August 2000

Saturday 5th August – Barnsley Canal – Numerous Gatekeepers, Small Tortoiseshells and Small Whites are feeding on the large stand of Michaelmas Daisies that border the canal. Further on there is a Comma on Ragwort and another on Spear Thistles. A Whitethroat croaks out a highly truncated trunk of its song by the bridge. A Small Skipper feeds on Red Clover. Swathes of Lesser Knapweed line the canal. Waterweeds, mainly Crowfoots (as opposed to Crowsfeet!) are covering the canal over most of its length. Appalling news in the paper – the two Mute Swans from the canal have been taken into care after being found with a number of airgun pellets embedded in their heads and necks. The report also states it is believed the cygnet was killed by shooters.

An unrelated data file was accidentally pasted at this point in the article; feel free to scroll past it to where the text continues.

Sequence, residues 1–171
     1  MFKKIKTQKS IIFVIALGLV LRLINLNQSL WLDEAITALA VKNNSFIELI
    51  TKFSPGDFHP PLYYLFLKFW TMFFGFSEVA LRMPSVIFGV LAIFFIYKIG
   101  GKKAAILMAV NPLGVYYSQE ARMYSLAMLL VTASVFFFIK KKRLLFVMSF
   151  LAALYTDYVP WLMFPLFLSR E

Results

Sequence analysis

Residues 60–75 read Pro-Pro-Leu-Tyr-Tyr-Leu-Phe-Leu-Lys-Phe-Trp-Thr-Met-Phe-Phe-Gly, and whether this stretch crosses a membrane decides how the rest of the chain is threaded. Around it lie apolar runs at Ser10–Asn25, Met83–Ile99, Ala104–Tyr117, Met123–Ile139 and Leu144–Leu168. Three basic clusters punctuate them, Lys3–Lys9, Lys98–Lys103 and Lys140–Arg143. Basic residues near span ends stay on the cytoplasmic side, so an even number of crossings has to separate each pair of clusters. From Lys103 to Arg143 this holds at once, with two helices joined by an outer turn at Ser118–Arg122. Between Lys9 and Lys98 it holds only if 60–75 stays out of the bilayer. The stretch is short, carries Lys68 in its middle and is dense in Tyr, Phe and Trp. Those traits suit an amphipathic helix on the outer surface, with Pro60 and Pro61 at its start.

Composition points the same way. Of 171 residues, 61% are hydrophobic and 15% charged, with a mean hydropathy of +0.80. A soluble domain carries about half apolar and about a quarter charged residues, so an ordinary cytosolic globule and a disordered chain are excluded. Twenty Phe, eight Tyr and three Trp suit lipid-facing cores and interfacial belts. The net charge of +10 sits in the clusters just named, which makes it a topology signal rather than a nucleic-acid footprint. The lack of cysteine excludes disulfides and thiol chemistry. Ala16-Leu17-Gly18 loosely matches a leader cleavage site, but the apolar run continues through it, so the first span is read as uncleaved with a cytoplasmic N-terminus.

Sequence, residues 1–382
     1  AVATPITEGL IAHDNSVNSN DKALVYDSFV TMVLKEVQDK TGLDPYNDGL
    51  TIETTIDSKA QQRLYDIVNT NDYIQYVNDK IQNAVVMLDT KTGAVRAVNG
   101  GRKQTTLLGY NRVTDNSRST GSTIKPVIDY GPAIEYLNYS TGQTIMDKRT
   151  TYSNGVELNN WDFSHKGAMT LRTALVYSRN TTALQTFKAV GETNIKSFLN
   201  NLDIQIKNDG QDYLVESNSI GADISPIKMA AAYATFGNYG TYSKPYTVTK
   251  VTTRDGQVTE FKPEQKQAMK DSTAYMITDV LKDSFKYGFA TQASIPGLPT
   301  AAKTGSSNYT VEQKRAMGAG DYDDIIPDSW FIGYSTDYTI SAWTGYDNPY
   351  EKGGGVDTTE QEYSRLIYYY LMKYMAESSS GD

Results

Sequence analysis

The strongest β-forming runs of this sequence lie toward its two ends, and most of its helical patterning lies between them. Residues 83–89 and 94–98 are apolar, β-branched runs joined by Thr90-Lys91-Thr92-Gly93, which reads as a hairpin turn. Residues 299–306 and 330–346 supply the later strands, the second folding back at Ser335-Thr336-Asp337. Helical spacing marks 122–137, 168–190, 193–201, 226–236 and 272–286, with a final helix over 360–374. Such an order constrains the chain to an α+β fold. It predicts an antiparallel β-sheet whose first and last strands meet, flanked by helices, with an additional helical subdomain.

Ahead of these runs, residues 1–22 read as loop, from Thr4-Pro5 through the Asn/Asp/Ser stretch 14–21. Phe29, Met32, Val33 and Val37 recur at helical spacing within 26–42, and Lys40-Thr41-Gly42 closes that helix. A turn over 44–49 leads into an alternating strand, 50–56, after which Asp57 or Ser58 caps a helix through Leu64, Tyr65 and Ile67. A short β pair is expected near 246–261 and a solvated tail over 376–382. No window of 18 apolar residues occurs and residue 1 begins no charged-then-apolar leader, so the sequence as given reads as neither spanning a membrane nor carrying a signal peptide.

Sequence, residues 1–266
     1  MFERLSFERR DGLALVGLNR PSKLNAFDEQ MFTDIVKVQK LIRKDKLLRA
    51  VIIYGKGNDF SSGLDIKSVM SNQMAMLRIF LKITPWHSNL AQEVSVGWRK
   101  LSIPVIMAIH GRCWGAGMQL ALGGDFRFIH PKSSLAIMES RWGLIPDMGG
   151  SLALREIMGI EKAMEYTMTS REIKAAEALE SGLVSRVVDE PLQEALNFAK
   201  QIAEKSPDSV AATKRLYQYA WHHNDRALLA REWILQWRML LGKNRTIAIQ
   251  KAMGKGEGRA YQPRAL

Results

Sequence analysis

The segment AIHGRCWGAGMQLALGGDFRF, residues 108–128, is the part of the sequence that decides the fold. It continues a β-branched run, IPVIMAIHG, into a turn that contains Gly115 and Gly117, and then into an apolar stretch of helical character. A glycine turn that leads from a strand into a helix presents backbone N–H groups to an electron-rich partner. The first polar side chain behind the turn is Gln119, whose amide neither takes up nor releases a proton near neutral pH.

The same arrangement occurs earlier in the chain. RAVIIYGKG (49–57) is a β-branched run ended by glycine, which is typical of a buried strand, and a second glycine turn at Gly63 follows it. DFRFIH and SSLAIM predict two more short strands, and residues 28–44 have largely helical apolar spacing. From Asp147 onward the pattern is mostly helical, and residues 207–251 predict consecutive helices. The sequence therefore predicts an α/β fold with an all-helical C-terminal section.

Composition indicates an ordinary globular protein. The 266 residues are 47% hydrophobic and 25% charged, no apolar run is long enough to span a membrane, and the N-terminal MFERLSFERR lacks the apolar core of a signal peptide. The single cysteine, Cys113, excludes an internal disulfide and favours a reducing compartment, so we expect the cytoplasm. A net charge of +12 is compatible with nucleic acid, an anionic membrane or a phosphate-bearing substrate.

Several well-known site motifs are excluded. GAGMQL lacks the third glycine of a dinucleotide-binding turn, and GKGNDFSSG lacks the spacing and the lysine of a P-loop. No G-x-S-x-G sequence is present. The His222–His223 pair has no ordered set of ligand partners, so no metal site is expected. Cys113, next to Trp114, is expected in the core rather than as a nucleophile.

Wednesday 9th August – Thornton-le-Dale – Kay, Jo, Sam and I go to a real Country Fair in the village. The tannoy booms out calling for “Class 25, 14 to 15 hands, under 16 riders to the central parade ground” – in fact there are none for that class! Sheep, goats, pigs, cattle and horses are all paraded for best in class. Before they are shown then are in pens being fussed over and preened by their owners. There are curly-haired sheep, black-faced sheep, ginger sheep and almost ordinary sheep. The dairy cows are shaved and look hideously thin, bones sticking out everywhere. The beef cattle are huge beasts; surely one must be saying, “does my bottom look big in this”. There are massive pigs, saddle backs, a huge, oiled black sow and New Zealand piglets with little tufts on their chins and a huge “oooo factor”. There will be Sheepdog trials but first there is one using Geese, Indian Runners and ducklings. The geese are white with their noses in the air but scurry and the dog guided them through the standard trial course. Then out come the flock of Indian Runners who are taken through various obstacles, including groups of children, using a pair of dogs. Finally come the ducklings. They are also taken round an obstacle course including two rows of children. Throughout this Danny Kaye’s Ugly Duckling is playing over the tannoy. The whole things is seriously surreal, we are in hysterics! However, Dill the Dog is lying with her back to it all. There is a display of Owls. We check out the produce competition, rows of vegetables and fruit all carefully displayed. A neighbour of Jo’s parents has won several prizes (which amount to a couple of pounds at best). There are also displays of flowers, painting by local children, wood carvings and all manner of arts and crafts. Next the pet fanciers competitions. We pass cages of all manner of rabbits from snub-nosed dwarf varieties to a couple of enormous creatures that would scare the living daylights out of any marauding fox. Dill the Dog is half way round having been sniffing the carrying boxes under the cages with interest before she notices there are creatures above her. Then it near impossible to stop her jumping up to see what on earth are in these cages. One guinea pig is trying to avoid being picked up by the judge but then is confronted with Dill the Dog’s nose at the other end of the cage – some dilemma! There is a long row of fancy pigeons and doves, although what makes one a First Prize and other unplaced is beyond us.